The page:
Serial galerie

Salinas

Denis Darzacq,

2003

 

Photographie couleur,

épreuve numérotée, signée

 

Tirage jet-d'encre pigmentée

sur papier photographique perlé

36 X 41 cm, Blanc tournant 3 cm

Format fini 40 x  47 cm

 

Edition à tirage limité

à 25 exemplaires


non encadrée


600,00 €

DD-1

Disponibilité :






« C’est l’individu dans ses relations sociales, affectives, amoureuses ou 

familiales qui est au cœur du travail de Denis Darzacq. Qu’il capte hommes 

et femmes dans une ambiance de fête aux couleurs fluo (Only Heaven) ou 

dans une grande ville dominée par des bleus et des bruns (Ensembles), il 

souligne les fils invisibles qui relient les personnes. À partir de ces duos, 

trios, quatuors qui se croisent et se téléscopent dans une image, il raconte 

l’histoire de ces mouvements multidirectionnels. Des éléments d’une foule 

apparemment anonyme, il arrive à reconstruire les liens éphémères ou 

permanents. Certains individus semblent s’ignorer, d’autres se rencontrent, 

d’autres se rapprochent, d’autres enfin s’enlacent. Un geste ou un regard 

en disent parfois plus qu’un roman. Si quelquefois il s’amuse à mettre 

en avant certaines codifications vestimentaires, certaines attitudes 

anecdotiques, Darzacq, par la contrainte de ses vues plongeantes, tente 

une abstraction gestuelle, une mise en perspective des êtres entre eux. » 

 

GUy BOyER, IN DENIS DARzACq, ACTES SUD/ALTADIS, 2001

Ce travail a reçu le prix altadis 2000 et a été expo


 

 

Denis Darzacq’s candy-colored photographs of young men and women gliding, floating, and falling through 

French grocery store aisles have a sort of cinematic quality. He gets at that Matrix-like tension, balancing 

frenetic energy with an ethereal (and sometimes eerie) sense of calm. Titled “Hyper,” and on view at New 

York’s Laurence Miller Gallery through March 27, Darzacq’s new body of work is as much about process as 

it is about clean lines, contrast, and beauty. The subjects of his photographs are dancers, jumping, twisting, 

and tumbling with the sort of stamina and grace that comes only with years of disciplined training.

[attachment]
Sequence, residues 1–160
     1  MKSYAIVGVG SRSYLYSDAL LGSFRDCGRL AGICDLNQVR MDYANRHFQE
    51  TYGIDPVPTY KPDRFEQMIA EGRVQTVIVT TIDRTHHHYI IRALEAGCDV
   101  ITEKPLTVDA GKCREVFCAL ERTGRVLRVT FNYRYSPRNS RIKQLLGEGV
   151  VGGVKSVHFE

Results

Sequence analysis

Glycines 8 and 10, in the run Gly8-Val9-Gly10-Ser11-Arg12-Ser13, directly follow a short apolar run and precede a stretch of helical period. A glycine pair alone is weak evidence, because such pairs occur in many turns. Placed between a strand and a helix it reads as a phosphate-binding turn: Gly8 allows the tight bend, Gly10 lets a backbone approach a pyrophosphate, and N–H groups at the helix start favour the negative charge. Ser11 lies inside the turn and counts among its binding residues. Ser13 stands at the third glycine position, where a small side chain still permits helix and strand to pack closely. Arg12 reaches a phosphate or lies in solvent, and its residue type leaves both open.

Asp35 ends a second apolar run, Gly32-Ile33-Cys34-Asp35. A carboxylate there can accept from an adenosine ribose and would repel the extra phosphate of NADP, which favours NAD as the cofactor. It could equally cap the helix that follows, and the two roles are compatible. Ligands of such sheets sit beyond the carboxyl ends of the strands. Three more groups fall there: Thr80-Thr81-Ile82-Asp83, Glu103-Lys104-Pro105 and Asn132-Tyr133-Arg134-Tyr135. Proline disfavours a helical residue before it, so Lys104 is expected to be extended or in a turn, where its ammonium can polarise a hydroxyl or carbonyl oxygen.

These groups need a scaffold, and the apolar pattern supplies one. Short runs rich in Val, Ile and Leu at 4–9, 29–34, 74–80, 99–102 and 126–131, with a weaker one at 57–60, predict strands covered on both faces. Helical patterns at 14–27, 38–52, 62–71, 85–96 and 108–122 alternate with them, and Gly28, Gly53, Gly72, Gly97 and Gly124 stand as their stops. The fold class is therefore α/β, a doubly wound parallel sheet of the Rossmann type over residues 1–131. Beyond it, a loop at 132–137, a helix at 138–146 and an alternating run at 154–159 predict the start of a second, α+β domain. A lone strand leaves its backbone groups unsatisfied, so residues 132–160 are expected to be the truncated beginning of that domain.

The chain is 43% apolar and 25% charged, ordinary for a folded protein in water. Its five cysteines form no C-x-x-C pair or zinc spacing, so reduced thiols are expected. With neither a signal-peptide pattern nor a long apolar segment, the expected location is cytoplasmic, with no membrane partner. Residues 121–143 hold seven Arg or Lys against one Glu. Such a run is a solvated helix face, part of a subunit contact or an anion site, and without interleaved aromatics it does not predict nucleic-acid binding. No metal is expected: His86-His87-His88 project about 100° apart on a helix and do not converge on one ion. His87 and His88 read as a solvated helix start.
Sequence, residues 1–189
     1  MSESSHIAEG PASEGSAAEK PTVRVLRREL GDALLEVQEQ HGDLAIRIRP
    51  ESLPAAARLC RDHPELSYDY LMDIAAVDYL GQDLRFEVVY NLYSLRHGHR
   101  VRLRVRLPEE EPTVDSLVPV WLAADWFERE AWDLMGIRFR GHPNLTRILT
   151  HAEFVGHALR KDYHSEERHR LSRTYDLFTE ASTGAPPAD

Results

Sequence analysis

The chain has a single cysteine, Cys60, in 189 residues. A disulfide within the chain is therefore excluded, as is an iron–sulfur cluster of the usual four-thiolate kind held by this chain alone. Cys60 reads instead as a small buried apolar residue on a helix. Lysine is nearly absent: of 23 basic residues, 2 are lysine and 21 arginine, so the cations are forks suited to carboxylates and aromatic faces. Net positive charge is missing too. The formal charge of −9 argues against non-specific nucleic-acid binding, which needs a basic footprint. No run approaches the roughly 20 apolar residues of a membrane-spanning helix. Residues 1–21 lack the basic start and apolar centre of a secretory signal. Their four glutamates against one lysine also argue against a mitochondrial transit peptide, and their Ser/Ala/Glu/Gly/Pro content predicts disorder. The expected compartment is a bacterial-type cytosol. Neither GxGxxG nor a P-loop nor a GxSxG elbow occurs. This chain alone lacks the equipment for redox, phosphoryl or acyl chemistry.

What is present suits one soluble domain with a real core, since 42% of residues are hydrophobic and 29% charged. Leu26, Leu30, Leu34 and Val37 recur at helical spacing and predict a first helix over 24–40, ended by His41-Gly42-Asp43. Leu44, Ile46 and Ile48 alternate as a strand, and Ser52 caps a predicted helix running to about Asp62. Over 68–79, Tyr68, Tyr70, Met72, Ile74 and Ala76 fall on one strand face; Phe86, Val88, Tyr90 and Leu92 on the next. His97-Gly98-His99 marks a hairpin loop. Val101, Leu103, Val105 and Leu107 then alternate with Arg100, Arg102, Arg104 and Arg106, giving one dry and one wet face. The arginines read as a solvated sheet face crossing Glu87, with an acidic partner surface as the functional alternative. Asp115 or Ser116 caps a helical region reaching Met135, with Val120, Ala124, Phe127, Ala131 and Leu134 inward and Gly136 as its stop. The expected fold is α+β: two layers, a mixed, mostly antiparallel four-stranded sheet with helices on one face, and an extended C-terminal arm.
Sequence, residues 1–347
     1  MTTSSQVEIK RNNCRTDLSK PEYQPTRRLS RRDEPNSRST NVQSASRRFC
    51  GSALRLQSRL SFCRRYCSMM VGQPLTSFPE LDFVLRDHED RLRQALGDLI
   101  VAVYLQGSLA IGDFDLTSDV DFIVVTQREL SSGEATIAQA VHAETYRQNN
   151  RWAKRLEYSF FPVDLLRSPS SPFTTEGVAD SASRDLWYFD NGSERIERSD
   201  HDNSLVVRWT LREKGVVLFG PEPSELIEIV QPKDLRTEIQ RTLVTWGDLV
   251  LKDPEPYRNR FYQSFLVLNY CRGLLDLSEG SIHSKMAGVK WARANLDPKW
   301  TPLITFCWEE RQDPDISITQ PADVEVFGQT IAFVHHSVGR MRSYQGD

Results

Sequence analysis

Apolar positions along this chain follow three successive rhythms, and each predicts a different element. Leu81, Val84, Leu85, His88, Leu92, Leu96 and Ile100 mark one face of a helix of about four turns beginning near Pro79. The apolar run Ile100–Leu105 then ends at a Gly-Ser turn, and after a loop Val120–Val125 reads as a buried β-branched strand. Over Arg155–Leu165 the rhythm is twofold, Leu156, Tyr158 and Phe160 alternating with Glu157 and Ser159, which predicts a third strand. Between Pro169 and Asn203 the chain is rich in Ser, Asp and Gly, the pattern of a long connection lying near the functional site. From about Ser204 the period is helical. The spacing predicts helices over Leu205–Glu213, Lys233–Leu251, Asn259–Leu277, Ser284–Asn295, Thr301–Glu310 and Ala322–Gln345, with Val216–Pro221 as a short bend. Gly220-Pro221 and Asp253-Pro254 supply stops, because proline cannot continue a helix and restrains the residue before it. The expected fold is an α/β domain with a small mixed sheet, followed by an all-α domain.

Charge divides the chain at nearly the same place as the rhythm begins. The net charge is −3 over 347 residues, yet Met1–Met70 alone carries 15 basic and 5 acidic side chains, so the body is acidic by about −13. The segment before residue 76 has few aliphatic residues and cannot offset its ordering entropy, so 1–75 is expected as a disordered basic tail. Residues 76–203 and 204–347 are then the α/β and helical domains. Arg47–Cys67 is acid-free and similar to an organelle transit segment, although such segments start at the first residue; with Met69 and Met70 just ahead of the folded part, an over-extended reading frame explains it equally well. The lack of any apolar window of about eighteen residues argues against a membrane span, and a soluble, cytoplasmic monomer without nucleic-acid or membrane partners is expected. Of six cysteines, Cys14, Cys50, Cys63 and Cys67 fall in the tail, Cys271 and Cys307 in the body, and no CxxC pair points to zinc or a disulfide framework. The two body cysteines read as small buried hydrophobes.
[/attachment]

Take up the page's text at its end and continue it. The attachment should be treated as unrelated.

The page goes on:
But these aren’t Adonis-types. Baggy, pedestrian clothing hides their lean muscles; there are no perceptible 

rock-like calves, no prominent triceps or pectorals. It’s an approach that differs from most dance photography 

(which tends to center around artists’ fascination with these extraordinary physiques) and one that brings to 

mind the suited subjects of Robert Longo’s excellent “Men in the Cities” series from 1979. But while Longo is 

said to have thrown tennis balls and stones at his models to induce odd and compelling poses, Darzacq 

steps back a bit to let his performers do their thing. I like that he captures those in-between moments—not 

necessarily the poses or peaks of each jump, but rather the ascents, the descents, the near catastrophes 

and the awkward transitions. The resulting effect is like one of those falling dreams—the kind where you feel 

yourself sink suddenly and your mattress becomes a dark, scary void. 

 

Darzacq’s backdrop is familiar as well. It’s hard to enliven the supermarket-as-setting canon post-Andreas 

Gursky and I wonder what the same subjects would look like frozen mid-air on busy Parisian streets or in 

graveyards or cathedrals, energizing something so somber and still. The stop-motion look (enabled, of 

course, by a lightning-fast shutter speed) starts to stale after a while too, and tubs upon tubs of Greek yogurt 

and crème fraîche don’t add much to the effect. What does suggest another layer, however, is a small 

historical show on view at the gallery concurrently. Titled “Body Language,” the exhibition offers some 

interesting black-and-white counterpoints to Darzacq’s hovering shoppers. There’s Gary Winograd’s 1975 

shot of Texas cheerleaders in laborious-looking leaps; Harry Shunk’s famed Leap into the Void from 1960; 

and Philippe Halsman’s photograph of a giddy (and slightly levitating) Richard Nixon from 1955—there’s a 

faint smile on the then-Vice President’s face and it’s hard to imagine what could have possibly inspired this 

zippy little jump. It’s fodder that maybe 35 years from now Darzacq’s grocery stores and falling patrons may 

have some historical relevance as overwhelmed (and overstocked) emblems of a specific time and place. 

 

Rachel Wolff is a New York-based writer and editor who has covered art

for New York, ARTnews, and Manhattan. 


 
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